Showdown in Latin America
PURRED BY FLAT POWER DEMAND AT HOME IN RESIDENTIAL and industrial markets, U.S. utilities are taking huge risks in Latin America. Why? They are enticed by the promise of high-yield returns on generation, distribution and transmission deals.
Yet only some of the companies getting in on the ground floor of privatization or winning concessions in the Latin American energy market stand to make huge profits. Others, too slow to beat competitors, or not savvy enough to skirt political and regulatory land mines, could lose their shirts.
This much is clear: The markets will mature much more rapidly than they did in the United States. As the Latin American market story goes on, risks will rise, potential margins will shrink and ventures will fail. Nowhere is this scenario more true than in the copper mining region of northern Chile, where three utility groups are targeting a growing demand for electricity. Investments range from $440 million to $850 million.
Despite the risks, foreign investment units of U.S. utilities are staking billions in Latin America, long term. They're often more comfortable with the tradition of standard contracts and common languages there in Asia, with its less-robust market.
"The opportunities in Brazil are significant," says Bill Holden of Southern Energy Inc., a $400-million investor in the region. "There are some things that are going to happen in the next year or two that we will be very active at pursuing. There are also opportunities in Chile and Argentina¼ You will see more of an integration of markets in southern South America. You don't see [that] anywhere else in the world where privatization has been conducted on such a scale."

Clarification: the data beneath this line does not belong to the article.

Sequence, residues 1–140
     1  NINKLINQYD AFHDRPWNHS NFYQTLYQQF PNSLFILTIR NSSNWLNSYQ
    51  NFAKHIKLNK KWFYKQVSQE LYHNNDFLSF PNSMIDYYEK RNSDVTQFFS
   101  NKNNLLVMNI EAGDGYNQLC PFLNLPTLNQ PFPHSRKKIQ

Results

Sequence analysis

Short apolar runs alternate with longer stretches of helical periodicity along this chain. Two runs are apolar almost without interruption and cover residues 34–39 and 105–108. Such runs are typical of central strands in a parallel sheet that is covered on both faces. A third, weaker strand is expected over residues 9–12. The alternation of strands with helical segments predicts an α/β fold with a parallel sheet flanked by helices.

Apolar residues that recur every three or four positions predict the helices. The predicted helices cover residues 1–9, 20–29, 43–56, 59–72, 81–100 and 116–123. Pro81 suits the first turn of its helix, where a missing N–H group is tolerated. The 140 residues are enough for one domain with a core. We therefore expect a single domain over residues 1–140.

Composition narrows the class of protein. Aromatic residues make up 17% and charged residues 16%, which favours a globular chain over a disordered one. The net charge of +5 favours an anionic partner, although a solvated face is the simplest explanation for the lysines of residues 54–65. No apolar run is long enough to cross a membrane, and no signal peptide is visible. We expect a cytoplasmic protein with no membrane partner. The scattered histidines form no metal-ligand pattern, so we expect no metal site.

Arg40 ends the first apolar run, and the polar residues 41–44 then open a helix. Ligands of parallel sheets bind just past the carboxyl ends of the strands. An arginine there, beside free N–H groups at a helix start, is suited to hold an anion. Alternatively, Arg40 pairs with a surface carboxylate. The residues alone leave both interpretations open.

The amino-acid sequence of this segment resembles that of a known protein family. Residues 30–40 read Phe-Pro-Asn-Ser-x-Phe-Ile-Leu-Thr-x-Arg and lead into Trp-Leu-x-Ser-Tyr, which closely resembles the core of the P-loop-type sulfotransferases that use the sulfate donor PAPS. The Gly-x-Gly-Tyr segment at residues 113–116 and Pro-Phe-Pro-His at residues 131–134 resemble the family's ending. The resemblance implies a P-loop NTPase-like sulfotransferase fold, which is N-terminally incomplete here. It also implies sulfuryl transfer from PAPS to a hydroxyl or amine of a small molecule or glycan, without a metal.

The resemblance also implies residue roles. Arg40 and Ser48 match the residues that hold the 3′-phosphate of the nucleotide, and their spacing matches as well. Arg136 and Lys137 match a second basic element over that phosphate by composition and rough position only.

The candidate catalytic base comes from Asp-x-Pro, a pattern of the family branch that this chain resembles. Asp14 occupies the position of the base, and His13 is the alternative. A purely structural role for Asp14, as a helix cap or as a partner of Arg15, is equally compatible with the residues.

Scale means prolonged growth, analysts confirm.
"What the [U.S.] utilities are getting in Latin America is volume growth [population growth] that they can't get in the United States or in Europe,"says Sandra Boente, senior utilities analyst at Salomon Smith Barney's Latin America Equity Research office. "So overall, it's a very promising market. Even if the pricing in Latin America is mediocre."
Higher risks are driven by volatile markets, fuzzy regulations or more purely political variables. Risk also arises when foreign competition to get into a given market is heated. Then, a nominally lucrative investment can transform into a microcosm of the more mature home market.
The interests of the U.S. utility, of the local project sponsor and of the shareholders can be at odds, particularly when the project is a gamble. For example, while far-sighted U.S. utilities are investing billions in Chilean electricity, Boente warns shareholders that over the coming year they should "avoid the generators, avoid the sector, avoid the [Chilean] market."
Big electrical power developments in the region also make strange bedfellows of some U.S. utilities, which may assess risk differently at corporate levels. Southern Energy, for example, is regarded as a cautious, conservative investor in the region. AES Corp., of Arlington, Va., is seen as an aggressive, high-stakes player. Yet the two are partners in a $1-billion minority investment in Brazil's Cemig, in the state of Minas Gerais, the largest electric utility distributor in